The consequences for a violation of COVID-19 restrictions, as with any violation of a college’s code of conduct, can be varied and grave. This is, perhaps, especially true during these times where all communities, including universities, are extremely sensitive to concerns and dangers regarding the coronavirus pandemic. A student may be subject to suspension, removal from campus, or even expulsion depending the accusation and finding. On the other end of the spectrum, if the college’s student conduct office finds that the violative conduct does not require “disciplinary” action, they may require some sort of educational intervention, such as classes, writing a reflective essay, having an extended conversation with the office or other administrators and safety officials, a warning letter, or virtual roundtable discussion with members of the community. Of course, even these sorts of non-disciplinary results will be logged and a record will be created, which can result in harsher penalties the next time there is an alleged act that violates these COVID-19 rules or the code of conduct more generally. There can also be a kind of middle ground penalty, most of which allow the student to continue to participate in classes and remain on campus, such as a formal reprimand from the dean, probation or probation with additional restrictions.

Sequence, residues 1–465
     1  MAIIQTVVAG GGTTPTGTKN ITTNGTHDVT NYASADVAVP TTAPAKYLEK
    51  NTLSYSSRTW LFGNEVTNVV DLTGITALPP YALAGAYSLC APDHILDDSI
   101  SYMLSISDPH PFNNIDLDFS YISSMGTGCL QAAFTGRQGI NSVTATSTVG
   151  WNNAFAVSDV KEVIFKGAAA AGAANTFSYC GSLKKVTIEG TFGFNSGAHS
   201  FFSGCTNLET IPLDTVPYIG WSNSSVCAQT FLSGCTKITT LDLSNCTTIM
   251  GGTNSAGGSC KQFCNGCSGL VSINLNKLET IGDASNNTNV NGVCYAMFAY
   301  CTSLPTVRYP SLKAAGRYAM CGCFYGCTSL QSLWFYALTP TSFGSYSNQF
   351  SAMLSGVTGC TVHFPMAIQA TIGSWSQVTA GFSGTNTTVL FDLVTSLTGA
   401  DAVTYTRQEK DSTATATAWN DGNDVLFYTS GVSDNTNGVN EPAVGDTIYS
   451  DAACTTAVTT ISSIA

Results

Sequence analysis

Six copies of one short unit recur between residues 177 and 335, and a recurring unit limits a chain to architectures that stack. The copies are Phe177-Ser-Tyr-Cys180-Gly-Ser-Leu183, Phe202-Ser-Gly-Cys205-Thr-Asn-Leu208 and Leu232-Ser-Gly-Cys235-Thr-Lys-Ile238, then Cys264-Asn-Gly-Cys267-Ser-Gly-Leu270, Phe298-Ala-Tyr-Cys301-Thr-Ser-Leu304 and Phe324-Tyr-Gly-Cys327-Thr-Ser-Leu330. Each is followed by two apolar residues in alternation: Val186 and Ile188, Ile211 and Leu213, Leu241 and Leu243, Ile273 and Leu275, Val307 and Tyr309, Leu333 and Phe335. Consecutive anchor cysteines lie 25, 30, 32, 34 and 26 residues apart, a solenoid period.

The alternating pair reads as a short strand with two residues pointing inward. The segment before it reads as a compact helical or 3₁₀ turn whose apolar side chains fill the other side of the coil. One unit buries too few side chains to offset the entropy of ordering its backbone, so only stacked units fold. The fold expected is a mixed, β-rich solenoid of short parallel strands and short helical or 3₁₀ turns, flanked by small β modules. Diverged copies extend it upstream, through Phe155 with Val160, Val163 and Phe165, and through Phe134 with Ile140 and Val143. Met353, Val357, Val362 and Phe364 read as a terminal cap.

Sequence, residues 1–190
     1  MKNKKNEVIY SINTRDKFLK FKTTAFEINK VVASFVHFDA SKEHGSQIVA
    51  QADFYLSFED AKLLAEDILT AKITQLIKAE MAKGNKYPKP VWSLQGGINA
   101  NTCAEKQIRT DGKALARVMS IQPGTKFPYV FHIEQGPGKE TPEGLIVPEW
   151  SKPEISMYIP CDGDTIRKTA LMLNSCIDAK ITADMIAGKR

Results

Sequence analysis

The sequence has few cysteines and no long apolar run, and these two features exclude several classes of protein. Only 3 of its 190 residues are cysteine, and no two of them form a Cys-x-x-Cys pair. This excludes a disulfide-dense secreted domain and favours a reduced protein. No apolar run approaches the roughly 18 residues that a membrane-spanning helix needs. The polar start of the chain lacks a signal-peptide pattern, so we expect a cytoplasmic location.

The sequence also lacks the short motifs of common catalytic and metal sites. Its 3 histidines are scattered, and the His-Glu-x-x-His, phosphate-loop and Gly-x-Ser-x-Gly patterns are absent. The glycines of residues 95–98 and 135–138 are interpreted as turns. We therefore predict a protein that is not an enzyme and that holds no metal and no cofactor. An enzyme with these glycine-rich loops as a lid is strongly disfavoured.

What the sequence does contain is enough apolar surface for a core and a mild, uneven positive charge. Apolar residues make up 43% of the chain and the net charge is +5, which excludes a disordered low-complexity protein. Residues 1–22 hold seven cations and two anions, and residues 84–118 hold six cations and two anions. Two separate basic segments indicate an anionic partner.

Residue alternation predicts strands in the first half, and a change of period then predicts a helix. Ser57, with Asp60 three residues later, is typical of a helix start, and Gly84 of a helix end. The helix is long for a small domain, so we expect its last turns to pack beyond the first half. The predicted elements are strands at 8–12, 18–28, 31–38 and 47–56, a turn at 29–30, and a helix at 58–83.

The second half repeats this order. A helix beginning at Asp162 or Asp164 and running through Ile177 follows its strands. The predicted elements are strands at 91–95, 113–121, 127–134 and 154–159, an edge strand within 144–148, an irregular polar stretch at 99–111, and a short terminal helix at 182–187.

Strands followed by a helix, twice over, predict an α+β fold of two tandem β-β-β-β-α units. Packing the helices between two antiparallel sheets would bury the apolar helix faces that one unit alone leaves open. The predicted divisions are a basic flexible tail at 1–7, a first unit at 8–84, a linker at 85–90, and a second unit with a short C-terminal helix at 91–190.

Colleges and university will have a process by which the student conduct office’s decisions with respect to whether a violation was committed, and the imposition of a disciplinary penalty can be appealed and reviewed internally. Many such colleges have very short and restrictive deadlines for such appeals from the receipt of the final outcome letter. Good reasons for an appeal to be granted involve new and relevant evidence that was not available at the time of the decisions, or significant procedural errors in the disciplinary process. Further, if the sanction is too great, an individual may also be able to appeal. A student can typically appeal by writing a formal Letter of Appeal and submitting it to the appropriate office at the school. The penalties can be reduced, the findings of fact can be changed, and/or the terms of probation or other similar punitive terms can be adjusted and altered.